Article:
Royal Air Force Coastal Command maintains constant vigilance
RAF Coastal Command duties included maritime patrol, and reconnaissance of the seas surrounding Great Britain. This task included attacking U-Boats, protecting Channel convoys, protecting Atlantic convoys, and occasional search and rescue.
A Mosquito of Coastal Command in action in the Kattegat on 5 April 1945.
A Mosquito of the Banff Strike Wing, RAF COASTAL COMMAND, in action in the Kattegat on 5 April 1945. There the Mosquitos discovered a convoy of seven ships evacuating Germans troops back to the Fatherland. In the ensuing attack, a flak ship, and a trawler were sunk, but one No 235 Squadron Mosquito struck a mast and spun into the sea, killing its crew. Losses among the embarked German troops were heavy. (photo courtesy of Imperial War Museum)
Below is a map of the waters around Germany. The North Sea is to the left. The Skagerrak on the upper right is where part of the Battle of Jutland was fought in World War One between the British Grand Fleet and the German High Seas Fleet. The Germans refer to this epic clash of warships as the “Battle of the Skagerrak.” The Kattegatt (cat’s throat in Danish) is a strait whichruns north-south between Denmark and Sweden and connects the Baltic with the North Sea. Kattegat is 137 miles (220 km) long, varies in width from 37 to 88 miles (approximately 60 to 142 km). (2)
RAF COASTAL COMMAND SANK 25 U-BOATS IN THE KATTEGAT DURING 1945
Average depth of the Kattegat is only 84 feet (26 metres). If you were the kommandant of a U-Boat by the time your lookouts spotted a Coastal Command patrol bomber, it was already too late for you to take evasive action. The bomber’s radar had already acquired your U-Boat. You could not go deep enough in such shallow water to avoid the destrucive power of well aimed depth charges set to explode at optimal depth for the Kattegat.
Attack on U-boats in the Kattegat by Mosquitos of the Banff Wing No 143 Squadron. 19 April 1945.
A Type XXIII U-boat is seen submerging through a hail of rocket and cannon fire. Copyright: © IWM.
Coastal Command patrol bombers often came as low as twenty feet about the water if the sky was overcast and hazing with a low ceiling. U-Boat lookouts had a hard time spotting them in this scenario. As the war continued Coastal Command acquired more effective aircraft as well as depth charges designed to be dropped from aircraft. Because of it’s shallow depth, the Kattegatt beame a deadly body of water for German U-Boats to transit.
Prior to 1944, only one U-Boat was lost to hostile action in the Kattegatt. Subsequently twenty-nine U-Boats went down. A handful sank because of accidents in the boat such as fire. The remainder, approximately twenty-five were sunk in 1945 by Coastal Command. The aircraft which sank the most U-Boats was the Mosquito as seen in the first two photographs. The body and wings of the deHavilland Mosquito were made entirely of wood. (3)
Two Lockheed Hudsons of No. 206 Squadron RAF COASTAL COMMAND flying at low-level over the North Sea during a reconnaissance sortie by five aircraft of the Squadron to observe the movements of German warships in the Heligoland Bight area. © IWM.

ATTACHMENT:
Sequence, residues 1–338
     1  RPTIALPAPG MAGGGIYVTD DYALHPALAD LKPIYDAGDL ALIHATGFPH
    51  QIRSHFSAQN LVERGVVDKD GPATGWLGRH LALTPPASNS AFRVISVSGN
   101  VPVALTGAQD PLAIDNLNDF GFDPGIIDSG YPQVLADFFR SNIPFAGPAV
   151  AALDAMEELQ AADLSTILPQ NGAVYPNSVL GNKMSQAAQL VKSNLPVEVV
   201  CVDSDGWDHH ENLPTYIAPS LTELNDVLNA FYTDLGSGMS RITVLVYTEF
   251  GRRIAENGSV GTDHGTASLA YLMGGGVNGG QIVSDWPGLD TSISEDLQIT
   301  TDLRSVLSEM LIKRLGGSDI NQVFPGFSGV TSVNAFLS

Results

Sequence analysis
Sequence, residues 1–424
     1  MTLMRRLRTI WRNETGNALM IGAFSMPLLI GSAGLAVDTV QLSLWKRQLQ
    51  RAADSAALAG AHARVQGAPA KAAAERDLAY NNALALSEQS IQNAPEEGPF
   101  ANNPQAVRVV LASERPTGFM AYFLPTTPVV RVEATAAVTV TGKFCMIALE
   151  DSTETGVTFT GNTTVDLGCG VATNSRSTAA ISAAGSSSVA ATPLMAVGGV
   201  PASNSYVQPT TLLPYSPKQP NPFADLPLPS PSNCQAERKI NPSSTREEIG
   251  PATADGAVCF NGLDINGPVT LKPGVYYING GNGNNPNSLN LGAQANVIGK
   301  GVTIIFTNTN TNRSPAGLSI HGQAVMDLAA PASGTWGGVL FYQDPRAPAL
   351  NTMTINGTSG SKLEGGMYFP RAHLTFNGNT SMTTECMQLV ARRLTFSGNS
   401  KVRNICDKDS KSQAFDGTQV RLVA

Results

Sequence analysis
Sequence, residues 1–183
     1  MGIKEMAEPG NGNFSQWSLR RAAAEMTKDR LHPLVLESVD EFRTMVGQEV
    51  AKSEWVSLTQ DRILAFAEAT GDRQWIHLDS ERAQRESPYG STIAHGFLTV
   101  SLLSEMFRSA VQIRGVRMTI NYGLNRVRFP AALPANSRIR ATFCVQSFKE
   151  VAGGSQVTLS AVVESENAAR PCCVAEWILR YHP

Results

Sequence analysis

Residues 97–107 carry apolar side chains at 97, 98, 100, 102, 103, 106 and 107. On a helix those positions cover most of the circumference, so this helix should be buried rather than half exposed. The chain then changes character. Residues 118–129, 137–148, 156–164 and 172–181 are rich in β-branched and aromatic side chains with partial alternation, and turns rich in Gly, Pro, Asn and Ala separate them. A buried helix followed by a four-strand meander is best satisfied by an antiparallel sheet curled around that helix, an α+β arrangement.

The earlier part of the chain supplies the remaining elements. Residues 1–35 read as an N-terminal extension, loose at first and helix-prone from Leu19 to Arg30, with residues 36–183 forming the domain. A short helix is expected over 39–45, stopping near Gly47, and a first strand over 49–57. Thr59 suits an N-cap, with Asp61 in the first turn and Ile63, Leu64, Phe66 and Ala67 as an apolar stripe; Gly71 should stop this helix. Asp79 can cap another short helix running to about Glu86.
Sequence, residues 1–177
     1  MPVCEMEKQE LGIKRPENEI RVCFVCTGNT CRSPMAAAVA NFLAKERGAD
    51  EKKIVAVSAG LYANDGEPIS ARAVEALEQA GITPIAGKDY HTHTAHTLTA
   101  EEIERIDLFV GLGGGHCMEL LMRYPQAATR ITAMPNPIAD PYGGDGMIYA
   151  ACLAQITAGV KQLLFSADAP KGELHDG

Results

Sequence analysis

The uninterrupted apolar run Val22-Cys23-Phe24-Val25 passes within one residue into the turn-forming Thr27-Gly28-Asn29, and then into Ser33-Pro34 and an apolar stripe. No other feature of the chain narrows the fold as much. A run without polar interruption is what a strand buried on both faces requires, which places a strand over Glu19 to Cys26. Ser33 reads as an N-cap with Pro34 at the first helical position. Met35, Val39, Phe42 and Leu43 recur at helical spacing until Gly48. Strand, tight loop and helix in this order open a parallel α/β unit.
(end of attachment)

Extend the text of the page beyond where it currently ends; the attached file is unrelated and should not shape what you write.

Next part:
Comments Charles McCain: the lower the altitude of the aircraft the greater the danger because both short-range flak and high altitude flak artillery guns could hit them. At higher levels, only certain of the flak guns could fire high enough to hit the aircraft. These included the famous German 88s which was so versatile it served as the best artillery piece of the war, an outstanding anti-gun, and anti-aircraft gun.
CINDERLLA SERVICE HAD TO SCROUNGE FOR AIRCRAFT
RAF Coastal Command was known as the “Cinderella Service” since they mainly flew hand-me-down aircraft from RAF Bomber Command in the first years of the war. The airplanes featured here are Lockheed Hudson’s originally built for Bomber Command, Royal Air Force.
Another viewpoint of two Lockheed Hudsons of No 206 Squadron RAF Coastal Command on a patrol over the North Sea. This aircraft was written off in a landing accident at Bircham Newton on 20 June 1940. Copyright: © IWM.
LOCKHEED HUDSONS VERY SLOW
While useful, the planes were slow, 246 mph or 397 km/h, and range limited, 1,960 miles or 3,150 km. Keep in mind these specifications are for a properly maintained aircraft operating under good conditions. In operational service, I presume they were marked down for a range of 1600 miles. That would be 800 miles out over the ocean and 800 miles back. Even then, in bad weather, that would be pushing it.
The wireless operator/air gunner of a Lockheed Hudson of No. 206 Squadron of RAF Coastal Command signals with an Aldis lamp to four other aircraft of the Squadron to ‘close formation’ while returning from a reconnaissance sortie in the Heligoland Bight area. Copyright: © IWM.
Communications were among aircraft could be difficult especially earlier in the war Given the crewman isn’t on oxygen and is wearing a short sleeve shirt, the plane must be flying low and it must be summer.
The interior of a Lockheed Hudson of No. 206 Squadron RAF Coastal Command, June 1940. Copyright: © IWM.
In the first years of the war the main task of Coastal Command was maritime patrol and reconnaissance of the seas surrounding Great Britain. This task included attacking U-Boats, protecting Channel convoys, protecting Atlantic convoys, and occasional search and rescue.